The importance of children in Dostoevsky's thought

UNCG Author/Contributor (non-UNCG co-authors, if there are any, appear on document)
Judy Maureen Ivester (Creator)
The University of North Carolina at Greensboro (UNCG )
Web Site:
Charles Tisdale

Abstract: Fyodor Dostoevsky gives the role of children special significance in his fictional works and in his moral philosophy. His novels and short stories show the theme of children emerging again and again as Dostoevsky attempts to construct an ideal world harmony; it is most often the child to whom he turns as a model of the virtues he considers most important, it is the child who holds the promise of a future paradise on earth. Dostoevsky uses children in three ways. First, children appear as characters with significant roles in the plots in which they appear. An eager kindness and warmth, touched with a few human faults, are the elements usually included in the character development of children, such as with Kolya Krassotkin in The Brothers Karamazov. Secondly, the image of the child becomes a comparison for a certain type of adult. Stepan Trofimovitch in The Possessed, Madame Epanchin in The idiot, and Makar Ivanovitch in A Raw Youth are three such characters who add elements to Dostoevsky1s conception of goodness when they are seen from the perspective of the child.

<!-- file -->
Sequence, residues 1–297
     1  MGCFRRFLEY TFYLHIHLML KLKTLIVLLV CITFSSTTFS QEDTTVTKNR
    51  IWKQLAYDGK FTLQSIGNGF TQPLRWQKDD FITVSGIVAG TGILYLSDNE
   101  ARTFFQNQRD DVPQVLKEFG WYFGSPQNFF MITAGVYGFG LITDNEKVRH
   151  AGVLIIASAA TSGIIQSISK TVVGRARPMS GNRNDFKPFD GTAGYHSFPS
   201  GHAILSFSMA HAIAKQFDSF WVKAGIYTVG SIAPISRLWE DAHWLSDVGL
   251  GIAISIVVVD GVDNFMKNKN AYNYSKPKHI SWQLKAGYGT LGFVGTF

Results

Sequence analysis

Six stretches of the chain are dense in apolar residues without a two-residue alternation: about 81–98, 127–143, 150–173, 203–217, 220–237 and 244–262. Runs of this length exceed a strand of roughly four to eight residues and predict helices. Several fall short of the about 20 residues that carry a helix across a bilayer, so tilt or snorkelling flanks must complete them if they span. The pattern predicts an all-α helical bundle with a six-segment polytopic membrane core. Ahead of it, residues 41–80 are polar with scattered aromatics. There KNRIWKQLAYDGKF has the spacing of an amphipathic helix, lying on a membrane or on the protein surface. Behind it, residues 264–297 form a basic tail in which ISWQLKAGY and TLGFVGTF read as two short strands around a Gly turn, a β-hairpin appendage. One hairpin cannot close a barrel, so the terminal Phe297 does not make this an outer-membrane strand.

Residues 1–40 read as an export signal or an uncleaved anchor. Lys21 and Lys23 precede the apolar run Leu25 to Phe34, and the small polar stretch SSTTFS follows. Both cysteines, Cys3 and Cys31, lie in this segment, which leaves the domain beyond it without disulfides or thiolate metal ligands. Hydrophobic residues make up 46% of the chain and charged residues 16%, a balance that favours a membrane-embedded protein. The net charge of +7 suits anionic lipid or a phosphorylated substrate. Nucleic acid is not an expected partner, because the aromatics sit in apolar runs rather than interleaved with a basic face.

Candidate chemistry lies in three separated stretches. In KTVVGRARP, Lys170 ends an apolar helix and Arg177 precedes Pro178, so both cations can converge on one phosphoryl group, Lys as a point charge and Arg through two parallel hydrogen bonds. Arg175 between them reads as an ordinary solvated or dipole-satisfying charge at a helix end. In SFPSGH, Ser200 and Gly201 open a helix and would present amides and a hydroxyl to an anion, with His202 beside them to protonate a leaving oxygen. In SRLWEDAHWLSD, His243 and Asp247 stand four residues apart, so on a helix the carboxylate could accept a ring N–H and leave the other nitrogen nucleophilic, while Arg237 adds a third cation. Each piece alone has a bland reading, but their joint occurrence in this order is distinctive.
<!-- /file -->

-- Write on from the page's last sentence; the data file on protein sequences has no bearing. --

Additional Information

Honors Project
Language: English
Date: 1969

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